An Introduction To Spine and Neck Injuries
Everyday experience informs us that the neck is an important part of the body, with functions which range from movement, to support, to assisting in the swallowing of food. It therefore comes as no surprise that the neck is also an extremely complex part of the anatomy, with many muscles, bones, nerves, and blood vessels, as well as the esophagus and other structures. Many types of injuries, which can damage (fracture) the bones or stretch the muscles and connective tissues of the neck can be complex and painful to treat. As one of the primary functions of the neck is to support the head in its mobility, neck braces can be required to relieve some of the pressure and forces on the neck in order to promote its healing when injured.
One commonly used type of neck brace (also known as cervical collars, cervix being another word for "neck" ) is a halo brace. A halo neck brace enhances a person's mobility by reducing the amount of time that they need to spend in bed, and helps to support the neck and head. Although products vary, in general "halo" braces are ring-shaped, and secures the head to the rest of the body. It is attached to a separate vest worn on the body, which is suitable to bear the weight of the brace. In general, three to four metal wires hold up the "halo" to provide stabilization and support. The types of halo brace products available vary, and can generally be categorized as either soft or rigid braces. Soft halo braces have a cotton coating and rubber support, while a rigid neck brace is typically constructed from harder plastic in order to restrict the movement of the neck to ensure prompt healing.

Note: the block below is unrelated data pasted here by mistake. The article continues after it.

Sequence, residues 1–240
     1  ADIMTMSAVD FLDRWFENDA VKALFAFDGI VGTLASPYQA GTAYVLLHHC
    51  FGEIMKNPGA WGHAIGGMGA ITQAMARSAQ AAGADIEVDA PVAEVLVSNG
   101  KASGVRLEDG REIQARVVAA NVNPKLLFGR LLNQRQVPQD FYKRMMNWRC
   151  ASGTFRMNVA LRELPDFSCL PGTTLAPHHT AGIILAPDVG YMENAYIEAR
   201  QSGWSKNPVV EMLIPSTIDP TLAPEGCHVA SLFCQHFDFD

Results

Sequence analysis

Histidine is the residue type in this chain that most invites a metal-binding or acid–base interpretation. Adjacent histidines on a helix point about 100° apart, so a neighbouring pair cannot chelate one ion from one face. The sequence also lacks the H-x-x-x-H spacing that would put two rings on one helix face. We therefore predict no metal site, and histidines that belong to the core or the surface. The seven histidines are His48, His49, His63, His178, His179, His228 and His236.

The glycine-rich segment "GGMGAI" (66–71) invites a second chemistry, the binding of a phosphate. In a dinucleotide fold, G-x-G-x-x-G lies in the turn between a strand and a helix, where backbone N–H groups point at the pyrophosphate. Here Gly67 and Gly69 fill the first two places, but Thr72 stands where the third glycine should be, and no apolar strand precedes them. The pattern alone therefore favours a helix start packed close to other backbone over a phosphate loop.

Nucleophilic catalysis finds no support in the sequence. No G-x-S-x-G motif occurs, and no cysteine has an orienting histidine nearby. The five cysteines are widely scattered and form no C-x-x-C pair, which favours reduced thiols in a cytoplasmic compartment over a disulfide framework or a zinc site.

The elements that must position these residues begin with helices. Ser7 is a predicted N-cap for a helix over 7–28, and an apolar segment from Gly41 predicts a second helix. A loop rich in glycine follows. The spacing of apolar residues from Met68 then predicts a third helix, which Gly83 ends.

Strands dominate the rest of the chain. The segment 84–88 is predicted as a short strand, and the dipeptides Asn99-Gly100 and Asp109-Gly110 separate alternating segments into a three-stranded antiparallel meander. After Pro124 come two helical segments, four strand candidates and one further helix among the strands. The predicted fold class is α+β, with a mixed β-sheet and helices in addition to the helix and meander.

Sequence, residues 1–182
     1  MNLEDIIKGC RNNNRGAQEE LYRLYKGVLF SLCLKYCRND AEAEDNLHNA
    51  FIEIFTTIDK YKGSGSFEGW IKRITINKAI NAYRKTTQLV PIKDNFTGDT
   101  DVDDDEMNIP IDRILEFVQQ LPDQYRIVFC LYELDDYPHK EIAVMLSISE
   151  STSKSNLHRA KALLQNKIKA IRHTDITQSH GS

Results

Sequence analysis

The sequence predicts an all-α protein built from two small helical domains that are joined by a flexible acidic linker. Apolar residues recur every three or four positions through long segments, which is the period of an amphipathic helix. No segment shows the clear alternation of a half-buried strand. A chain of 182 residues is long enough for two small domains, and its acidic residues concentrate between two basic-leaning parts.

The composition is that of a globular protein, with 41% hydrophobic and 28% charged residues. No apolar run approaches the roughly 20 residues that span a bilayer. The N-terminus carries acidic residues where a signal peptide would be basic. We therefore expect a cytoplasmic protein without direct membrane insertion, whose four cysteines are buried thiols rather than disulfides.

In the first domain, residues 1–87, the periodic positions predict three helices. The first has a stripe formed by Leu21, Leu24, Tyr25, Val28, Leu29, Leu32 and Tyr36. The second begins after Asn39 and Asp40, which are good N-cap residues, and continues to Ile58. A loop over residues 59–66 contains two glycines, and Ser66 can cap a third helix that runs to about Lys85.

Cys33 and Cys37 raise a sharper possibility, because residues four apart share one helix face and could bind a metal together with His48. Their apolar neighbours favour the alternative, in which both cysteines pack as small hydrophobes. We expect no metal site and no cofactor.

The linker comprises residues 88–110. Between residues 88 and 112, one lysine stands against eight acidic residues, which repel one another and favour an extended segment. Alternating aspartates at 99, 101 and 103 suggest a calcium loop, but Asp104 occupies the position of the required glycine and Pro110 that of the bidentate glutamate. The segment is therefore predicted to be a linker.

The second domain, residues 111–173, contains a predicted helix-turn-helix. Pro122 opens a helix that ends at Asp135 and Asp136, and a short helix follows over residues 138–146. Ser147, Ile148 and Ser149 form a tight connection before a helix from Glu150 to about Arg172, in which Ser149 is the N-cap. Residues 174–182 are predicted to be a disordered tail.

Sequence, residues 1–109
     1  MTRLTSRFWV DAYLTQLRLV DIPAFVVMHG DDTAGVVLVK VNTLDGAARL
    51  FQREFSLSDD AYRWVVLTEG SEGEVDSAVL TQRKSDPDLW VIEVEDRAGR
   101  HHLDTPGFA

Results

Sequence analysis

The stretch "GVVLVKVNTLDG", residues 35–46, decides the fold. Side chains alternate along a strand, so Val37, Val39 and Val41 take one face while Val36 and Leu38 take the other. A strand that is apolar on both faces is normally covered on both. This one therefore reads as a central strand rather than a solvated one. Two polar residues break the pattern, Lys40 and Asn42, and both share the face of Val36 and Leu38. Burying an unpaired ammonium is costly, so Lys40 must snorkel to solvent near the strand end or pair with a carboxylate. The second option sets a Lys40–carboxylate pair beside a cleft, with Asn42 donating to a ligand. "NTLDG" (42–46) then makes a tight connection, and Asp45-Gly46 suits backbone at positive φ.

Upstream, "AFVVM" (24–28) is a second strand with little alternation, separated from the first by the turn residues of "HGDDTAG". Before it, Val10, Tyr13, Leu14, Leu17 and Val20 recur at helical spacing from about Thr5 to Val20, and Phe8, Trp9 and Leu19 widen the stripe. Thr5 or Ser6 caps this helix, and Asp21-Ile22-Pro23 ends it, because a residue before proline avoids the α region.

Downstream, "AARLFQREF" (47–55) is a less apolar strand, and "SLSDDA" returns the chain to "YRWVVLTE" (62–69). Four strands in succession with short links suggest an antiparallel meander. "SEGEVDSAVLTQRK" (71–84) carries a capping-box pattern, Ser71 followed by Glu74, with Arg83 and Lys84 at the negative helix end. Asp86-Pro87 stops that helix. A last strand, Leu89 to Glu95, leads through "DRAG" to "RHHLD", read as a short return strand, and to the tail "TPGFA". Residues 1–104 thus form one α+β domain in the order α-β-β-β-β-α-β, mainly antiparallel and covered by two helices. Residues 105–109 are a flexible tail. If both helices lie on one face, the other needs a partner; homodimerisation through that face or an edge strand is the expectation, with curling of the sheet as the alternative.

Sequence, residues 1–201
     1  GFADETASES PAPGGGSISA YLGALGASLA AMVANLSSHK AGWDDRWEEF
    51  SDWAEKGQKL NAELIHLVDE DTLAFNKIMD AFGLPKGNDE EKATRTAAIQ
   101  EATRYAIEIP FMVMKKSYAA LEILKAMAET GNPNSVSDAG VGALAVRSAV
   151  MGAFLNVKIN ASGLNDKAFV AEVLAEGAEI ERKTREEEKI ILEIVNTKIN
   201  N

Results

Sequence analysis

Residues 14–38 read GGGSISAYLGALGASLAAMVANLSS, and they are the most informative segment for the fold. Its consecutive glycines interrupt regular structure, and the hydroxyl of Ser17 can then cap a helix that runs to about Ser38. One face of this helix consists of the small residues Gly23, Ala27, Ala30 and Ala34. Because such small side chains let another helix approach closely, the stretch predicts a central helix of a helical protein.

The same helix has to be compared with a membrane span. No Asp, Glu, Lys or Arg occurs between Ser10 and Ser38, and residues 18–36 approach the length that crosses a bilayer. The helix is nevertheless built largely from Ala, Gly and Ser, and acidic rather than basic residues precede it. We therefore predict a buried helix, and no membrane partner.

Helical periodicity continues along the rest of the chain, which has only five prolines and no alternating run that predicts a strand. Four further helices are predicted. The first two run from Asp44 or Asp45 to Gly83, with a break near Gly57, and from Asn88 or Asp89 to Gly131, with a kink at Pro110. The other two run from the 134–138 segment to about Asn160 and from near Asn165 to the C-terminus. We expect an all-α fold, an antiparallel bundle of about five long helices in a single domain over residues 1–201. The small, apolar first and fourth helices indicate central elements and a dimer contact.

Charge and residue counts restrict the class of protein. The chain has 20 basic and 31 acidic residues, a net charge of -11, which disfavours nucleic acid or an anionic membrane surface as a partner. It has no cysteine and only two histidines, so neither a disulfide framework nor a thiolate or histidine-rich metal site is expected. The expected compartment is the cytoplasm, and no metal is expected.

Patients should receive information on the proper use of a halo brace from their physician, typically an orthopedic surgeon. With appropriate usage of a halo brace or other back support products and neck support products, patients can minimize the pain of neck injuries and accelerate healing.